After watching Derek Cianfrance’s “Blue Valentine,” it was clear that the writer/director would be one to watch for the future, even if the anti-romance film wasn’t exactly my cup of tea. His follow-up feature, “The Place Beyond the Pines,” reunites Cianfrance with his “Blue Valentine” star Ryan Gosling, and though the movie is hindered by its own set of problems, the multi-generational crime drama makes good on the potential he showcased in his directorial debut. While it’s difficult to talk about the movie without wading knee-high into spoiler territory, “The Place Beyond the Pines” is an impressive piece of American filmmaking that’s every bit as compelling as it is annoyingly flawed.
The movie’s triptych structure is like watching three separate but interconnecting films, and Cianfrance kicks things off with what is easily the best of the bunch as we’re introduced to Luke Glanton (Gosling), a motorcycle stunt driver who reconnects with a former one-night stand named Romina (Eva Mendes) at the local fair where he plies his trade. When he learns that Romina has given birth to his son, Luke agrees to quit his nomadic job and stay in town, even though Romina has already moved on with another man. Determined to do his fatherly duties and provide for his son, Luke decides to put his unique skills to use and start robbing banks, placing him on a collision course with rookie policeman Avery Cross (Bradley Cooper), an honest family man who gave up his promising career as a lawyer to serve on the force. After becoming privy to some dirty cops in the department, however, Avery must decide what’s more important: his integrity or loyalty to his brothers in blue.
Taking place 15 years later, the final act is predictable but nonetheless rewarding as Cianfrance’s story comes full circle to find Luke and Avery’s teenage sons (Dane DeHaan and Emory Cohen, respectively) become unlikely friends during a chance meeting, ultimately forced to deal with the actions of their fathers. The whole thing is incredibly ambitious, and unfortunately for Cianfrance, he seems to have bitten off more than he can chew. Though there’s not much to each story, everything that happens is necessary to telling the larger narrative, and that’s part of what makes “The Place Beyond the Pines” so frustrating. Cianfrance may be dealing with some familiar themes of fatherhood, consequences and destiny, but it’s such an epic undertaking that it ultimately becomes too much movie for its own good.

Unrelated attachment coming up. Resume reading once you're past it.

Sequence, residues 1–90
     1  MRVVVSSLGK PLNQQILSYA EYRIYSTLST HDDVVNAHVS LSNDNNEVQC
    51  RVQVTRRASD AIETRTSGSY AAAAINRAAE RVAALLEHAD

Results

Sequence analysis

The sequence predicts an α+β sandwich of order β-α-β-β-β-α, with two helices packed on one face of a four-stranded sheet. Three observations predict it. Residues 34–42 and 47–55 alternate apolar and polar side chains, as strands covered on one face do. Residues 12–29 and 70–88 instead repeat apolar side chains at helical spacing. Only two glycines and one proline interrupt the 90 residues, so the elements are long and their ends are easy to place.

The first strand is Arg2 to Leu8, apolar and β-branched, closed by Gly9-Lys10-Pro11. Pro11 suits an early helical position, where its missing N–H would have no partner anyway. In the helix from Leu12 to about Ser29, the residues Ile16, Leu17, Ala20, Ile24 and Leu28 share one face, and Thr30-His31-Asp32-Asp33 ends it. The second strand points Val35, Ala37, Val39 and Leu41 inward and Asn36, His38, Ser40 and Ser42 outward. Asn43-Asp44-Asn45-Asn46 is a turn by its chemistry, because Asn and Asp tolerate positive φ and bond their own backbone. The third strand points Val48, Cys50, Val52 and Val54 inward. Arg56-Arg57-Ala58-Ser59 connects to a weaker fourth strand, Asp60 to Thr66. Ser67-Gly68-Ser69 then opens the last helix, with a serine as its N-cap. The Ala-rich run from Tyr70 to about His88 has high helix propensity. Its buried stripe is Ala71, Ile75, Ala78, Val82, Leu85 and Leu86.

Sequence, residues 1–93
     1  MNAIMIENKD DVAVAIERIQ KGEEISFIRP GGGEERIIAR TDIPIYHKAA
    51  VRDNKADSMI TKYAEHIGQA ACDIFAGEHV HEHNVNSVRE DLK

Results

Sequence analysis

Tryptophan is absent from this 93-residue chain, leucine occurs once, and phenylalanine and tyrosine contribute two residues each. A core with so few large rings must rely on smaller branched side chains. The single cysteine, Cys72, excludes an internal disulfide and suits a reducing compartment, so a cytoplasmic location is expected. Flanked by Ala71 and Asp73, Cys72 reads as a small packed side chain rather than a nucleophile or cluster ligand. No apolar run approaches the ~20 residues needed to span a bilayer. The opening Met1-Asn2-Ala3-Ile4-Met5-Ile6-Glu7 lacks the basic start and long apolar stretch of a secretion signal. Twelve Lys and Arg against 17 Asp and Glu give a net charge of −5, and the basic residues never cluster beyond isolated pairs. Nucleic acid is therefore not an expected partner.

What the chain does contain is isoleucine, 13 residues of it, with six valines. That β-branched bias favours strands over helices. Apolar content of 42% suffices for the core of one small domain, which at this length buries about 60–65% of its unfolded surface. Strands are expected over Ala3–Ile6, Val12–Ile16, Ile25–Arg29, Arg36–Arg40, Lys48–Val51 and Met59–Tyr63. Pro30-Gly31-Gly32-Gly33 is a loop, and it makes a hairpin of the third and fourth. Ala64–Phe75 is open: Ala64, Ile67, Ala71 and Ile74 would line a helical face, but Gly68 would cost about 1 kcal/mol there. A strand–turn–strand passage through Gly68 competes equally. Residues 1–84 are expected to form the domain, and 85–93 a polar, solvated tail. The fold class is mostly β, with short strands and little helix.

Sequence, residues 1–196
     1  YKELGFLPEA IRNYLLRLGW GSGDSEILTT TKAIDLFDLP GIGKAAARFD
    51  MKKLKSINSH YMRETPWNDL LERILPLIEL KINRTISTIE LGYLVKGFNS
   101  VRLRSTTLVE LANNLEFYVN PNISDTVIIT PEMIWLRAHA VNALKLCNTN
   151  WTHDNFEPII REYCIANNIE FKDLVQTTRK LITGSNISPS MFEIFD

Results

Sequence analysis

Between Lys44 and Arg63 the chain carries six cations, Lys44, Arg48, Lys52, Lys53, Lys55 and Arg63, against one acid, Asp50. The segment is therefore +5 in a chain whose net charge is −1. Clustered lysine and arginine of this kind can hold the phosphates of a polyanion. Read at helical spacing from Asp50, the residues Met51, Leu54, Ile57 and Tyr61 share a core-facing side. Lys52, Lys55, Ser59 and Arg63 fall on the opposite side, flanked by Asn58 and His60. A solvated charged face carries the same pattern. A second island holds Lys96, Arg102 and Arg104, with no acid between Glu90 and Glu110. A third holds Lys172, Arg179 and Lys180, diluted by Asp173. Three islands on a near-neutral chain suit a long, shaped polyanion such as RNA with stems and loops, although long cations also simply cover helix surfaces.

Gosling’s segment is the standout, not only because it lays the groundwork for the rest of the film, but because it provides the best balance of drama, action, and even a little comedy thanks to an entertaining turn from Ben Mendelsohn, who’s fast becoming one of the best character actors in Hollywood. The heist scenes are also well shot and add some much-needed energy to a film that moves at a rather leisurely pace, but the biggest reason for its success is Gosling’s magnetic performance. Covered from head to toe in tattoos, the bleach blonde bad boy may be a criminal, but it’s absolutely heartbreaking to watch as Luke grapples with Romina to let him be a part of his son’s life and give him the father he never had.
Cooper and DeHaan also deliver solid performances, but their segments are noticeably weaker. As a result, the movie feels a bit lopsided, although the first hour is so engaging (aided by a refreshingly unglamorous turn by Mendes) that it makes up for some of the more unflattering heavy-handedness that Cianfrance resorts to in the latter half. “The Place Beyond the Pines” isn’t perfect, but it’s a movie that demands a lot of respect for not only taking big risks, but the way that it resonates emotionally, because there just aren’t enough films that do that anymore.